The Family Medical Leave Act is a protection workers throughout the nation rely upon to hold on to their job when life dictates that they spend time away from it to either care for a loved one, or deal with their own medical condition. The federal law provides 12 weeks each year for this. Depending on the state, additional time may be available as well. For example, in New York, additional time may be granted as a reasonable accommodation.
In addition to providing that time away from work, FMLA also makes it illegal for an employer to retaliate against that worker in any way, including: providing a bad evaluation, demoting the employee or terminating the employee because of the leave. When the time is not granted or a worker is retaliated against, it is possible that the worker will file a lawsuit against his or her employer.
Statistics provided by the Administrative Office of the U.S. Courts, indicate that the number of such cases made a big jump from 2012 to 2013. The increase of 586 lawsuits, to 877, was the sharpest increase in employment related type claims.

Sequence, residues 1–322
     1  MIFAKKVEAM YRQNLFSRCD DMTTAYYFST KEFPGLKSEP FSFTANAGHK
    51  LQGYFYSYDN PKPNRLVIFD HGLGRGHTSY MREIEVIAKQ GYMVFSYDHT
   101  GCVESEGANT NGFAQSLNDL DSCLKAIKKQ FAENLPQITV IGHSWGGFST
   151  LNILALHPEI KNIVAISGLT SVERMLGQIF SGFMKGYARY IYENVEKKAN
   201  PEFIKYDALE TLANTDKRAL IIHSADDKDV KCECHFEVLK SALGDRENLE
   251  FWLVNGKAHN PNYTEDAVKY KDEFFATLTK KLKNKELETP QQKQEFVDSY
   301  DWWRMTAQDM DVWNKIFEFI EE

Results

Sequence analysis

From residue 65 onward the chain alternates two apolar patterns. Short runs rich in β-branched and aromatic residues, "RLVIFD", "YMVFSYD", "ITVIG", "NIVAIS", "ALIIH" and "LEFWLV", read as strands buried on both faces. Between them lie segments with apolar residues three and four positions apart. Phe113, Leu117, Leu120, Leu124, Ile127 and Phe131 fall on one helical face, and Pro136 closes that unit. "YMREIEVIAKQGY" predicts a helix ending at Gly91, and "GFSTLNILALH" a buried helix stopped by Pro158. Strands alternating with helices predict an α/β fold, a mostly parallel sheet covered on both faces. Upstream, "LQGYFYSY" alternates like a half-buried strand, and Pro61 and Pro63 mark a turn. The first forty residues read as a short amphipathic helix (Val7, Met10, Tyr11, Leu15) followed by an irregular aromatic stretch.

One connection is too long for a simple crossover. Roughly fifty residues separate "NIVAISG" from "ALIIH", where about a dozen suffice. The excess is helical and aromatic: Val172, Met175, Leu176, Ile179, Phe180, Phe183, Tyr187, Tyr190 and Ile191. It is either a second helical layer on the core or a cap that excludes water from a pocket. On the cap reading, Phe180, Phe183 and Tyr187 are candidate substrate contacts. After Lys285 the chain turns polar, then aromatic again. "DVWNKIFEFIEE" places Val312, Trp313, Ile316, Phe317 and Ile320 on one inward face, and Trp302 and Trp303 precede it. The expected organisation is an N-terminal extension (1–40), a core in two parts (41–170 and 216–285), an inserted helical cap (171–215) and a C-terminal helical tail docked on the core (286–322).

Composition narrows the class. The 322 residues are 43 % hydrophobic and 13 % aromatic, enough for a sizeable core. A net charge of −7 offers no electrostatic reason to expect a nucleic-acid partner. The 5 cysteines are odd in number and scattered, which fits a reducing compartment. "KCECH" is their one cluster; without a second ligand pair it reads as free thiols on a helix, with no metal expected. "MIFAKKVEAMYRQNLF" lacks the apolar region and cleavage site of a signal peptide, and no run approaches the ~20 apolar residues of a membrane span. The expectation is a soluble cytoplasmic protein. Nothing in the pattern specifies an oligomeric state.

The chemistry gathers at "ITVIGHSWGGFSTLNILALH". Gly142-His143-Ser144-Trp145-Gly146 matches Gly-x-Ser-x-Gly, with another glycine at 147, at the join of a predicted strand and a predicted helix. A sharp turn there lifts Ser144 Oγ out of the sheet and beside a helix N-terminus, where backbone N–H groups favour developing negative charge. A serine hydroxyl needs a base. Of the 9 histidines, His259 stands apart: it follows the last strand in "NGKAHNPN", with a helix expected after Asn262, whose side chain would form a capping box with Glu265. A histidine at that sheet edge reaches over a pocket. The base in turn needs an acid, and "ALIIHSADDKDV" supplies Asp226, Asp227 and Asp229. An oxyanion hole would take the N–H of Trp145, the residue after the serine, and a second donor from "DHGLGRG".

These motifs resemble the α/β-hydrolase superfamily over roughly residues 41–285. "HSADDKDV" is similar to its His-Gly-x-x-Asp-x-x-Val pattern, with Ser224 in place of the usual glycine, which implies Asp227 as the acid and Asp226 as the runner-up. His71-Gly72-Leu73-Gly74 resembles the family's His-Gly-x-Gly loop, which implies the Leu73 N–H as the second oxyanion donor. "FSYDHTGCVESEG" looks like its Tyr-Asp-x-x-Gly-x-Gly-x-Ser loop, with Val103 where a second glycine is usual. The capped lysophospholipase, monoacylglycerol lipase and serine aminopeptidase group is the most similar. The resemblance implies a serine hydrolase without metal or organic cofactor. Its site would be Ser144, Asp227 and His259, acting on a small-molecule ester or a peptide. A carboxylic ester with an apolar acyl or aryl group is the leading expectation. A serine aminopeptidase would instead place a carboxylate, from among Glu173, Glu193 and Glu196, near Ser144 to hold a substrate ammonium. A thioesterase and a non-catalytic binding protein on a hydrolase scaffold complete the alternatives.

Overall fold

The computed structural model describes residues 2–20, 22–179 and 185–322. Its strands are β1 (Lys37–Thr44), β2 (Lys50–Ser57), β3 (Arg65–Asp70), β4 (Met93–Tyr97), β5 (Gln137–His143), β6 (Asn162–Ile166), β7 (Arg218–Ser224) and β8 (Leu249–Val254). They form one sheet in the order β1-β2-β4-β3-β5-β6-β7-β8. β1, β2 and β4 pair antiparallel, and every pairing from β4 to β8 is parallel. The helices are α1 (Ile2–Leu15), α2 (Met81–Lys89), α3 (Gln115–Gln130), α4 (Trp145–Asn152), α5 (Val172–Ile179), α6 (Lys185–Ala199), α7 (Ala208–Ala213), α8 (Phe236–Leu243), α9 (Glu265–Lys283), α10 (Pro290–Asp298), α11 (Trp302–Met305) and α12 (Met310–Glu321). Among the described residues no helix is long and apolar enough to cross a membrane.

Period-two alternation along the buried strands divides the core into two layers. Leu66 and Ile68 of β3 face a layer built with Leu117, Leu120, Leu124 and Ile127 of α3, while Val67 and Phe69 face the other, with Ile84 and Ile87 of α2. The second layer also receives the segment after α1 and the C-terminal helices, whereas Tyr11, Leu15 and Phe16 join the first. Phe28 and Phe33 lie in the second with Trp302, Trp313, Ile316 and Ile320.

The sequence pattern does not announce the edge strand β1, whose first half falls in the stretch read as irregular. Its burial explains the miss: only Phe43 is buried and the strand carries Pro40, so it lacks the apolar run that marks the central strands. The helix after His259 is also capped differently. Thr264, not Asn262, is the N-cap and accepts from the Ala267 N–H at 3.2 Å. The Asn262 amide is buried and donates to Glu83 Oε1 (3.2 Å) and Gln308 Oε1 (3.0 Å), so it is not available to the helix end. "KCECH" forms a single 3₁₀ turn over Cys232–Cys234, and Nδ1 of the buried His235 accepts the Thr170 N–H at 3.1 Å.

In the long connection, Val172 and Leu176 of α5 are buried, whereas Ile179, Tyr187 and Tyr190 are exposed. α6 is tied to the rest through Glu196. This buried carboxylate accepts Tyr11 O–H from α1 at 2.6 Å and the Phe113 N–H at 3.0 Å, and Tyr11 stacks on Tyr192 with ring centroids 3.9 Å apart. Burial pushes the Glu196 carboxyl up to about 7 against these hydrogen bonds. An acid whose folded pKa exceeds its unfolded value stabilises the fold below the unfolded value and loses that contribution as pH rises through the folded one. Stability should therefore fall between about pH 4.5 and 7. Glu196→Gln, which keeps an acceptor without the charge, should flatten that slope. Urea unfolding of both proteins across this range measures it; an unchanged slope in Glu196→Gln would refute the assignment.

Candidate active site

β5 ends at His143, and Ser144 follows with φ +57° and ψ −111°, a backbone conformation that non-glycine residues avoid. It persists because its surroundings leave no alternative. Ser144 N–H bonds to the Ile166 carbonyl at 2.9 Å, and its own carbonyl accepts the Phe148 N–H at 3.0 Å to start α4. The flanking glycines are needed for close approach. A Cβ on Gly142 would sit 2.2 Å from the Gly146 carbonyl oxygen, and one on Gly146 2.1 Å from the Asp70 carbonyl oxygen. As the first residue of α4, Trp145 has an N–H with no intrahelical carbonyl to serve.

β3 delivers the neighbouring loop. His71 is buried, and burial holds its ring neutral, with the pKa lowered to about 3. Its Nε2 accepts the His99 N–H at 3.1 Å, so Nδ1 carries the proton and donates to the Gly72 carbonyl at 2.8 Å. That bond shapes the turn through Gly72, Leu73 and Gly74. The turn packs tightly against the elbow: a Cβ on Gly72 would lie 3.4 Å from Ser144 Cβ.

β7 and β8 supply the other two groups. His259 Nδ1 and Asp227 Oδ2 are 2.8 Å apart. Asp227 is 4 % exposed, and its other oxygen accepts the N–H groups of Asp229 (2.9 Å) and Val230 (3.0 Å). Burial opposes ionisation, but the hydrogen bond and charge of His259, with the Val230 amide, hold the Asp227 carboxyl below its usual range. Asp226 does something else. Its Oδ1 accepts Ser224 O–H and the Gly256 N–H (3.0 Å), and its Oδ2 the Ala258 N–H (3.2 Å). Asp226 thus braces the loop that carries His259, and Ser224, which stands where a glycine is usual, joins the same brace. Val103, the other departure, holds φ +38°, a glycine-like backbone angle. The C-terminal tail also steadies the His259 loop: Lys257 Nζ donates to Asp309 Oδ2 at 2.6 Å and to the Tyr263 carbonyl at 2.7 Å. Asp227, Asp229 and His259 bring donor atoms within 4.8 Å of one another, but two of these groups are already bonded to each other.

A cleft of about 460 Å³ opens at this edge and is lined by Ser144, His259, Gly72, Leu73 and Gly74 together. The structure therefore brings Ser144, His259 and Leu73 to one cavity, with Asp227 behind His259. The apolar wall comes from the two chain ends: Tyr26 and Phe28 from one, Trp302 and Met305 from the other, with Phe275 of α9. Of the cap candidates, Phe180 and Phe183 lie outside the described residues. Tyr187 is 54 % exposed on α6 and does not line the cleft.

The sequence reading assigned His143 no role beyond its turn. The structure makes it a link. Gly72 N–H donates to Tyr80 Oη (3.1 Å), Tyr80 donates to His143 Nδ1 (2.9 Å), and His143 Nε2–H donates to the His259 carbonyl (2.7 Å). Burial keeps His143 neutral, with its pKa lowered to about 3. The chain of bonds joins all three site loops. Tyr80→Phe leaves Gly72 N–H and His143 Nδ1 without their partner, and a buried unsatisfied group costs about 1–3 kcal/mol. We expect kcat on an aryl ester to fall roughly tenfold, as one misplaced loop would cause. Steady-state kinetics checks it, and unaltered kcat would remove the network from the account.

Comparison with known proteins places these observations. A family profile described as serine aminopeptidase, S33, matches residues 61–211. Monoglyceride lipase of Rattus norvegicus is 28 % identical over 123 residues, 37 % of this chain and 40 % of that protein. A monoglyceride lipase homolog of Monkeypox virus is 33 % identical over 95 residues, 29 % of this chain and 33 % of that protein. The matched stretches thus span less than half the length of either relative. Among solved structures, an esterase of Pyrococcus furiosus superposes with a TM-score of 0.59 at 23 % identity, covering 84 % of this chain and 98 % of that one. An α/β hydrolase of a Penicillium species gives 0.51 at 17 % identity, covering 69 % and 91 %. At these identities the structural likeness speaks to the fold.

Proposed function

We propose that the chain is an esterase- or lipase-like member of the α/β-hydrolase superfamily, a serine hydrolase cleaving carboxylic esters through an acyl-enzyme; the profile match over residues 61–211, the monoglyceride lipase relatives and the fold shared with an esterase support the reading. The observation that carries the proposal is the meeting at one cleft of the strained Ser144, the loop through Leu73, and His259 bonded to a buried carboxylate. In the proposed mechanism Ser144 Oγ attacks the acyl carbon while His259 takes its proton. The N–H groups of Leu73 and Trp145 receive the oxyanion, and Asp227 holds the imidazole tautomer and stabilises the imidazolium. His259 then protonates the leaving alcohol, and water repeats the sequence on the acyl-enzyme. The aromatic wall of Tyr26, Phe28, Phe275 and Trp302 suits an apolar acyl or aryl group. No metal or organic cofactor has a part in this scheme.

While successful cases will not provide punitive damages, employees may seek compensation for how much it cost to care for the family member when leave was not granted, or up to twice the wages lost. In cases where someone’s job is terminated, that worker may seek to be reinstated either to his or her previous job or in the alternative, a job that provides benefits and pay that is equivalent.
The reason behind the increase is not clear though the director of the professional organization for HR managers, Society for Human Resource Management, indicated that the law fails to provide specifics about which serious health conditions qualify for leave and that it can be difficult for some employers to accommodate FMLA leaves. Whatever the reason, anyone who files such a claim likely does so with the assistance of an employment lawyer.
Source: The Wall Street Journal, “More Workers File Family-Leave Lawsuits,” Joe Palazzolo, Aug. 8, 2014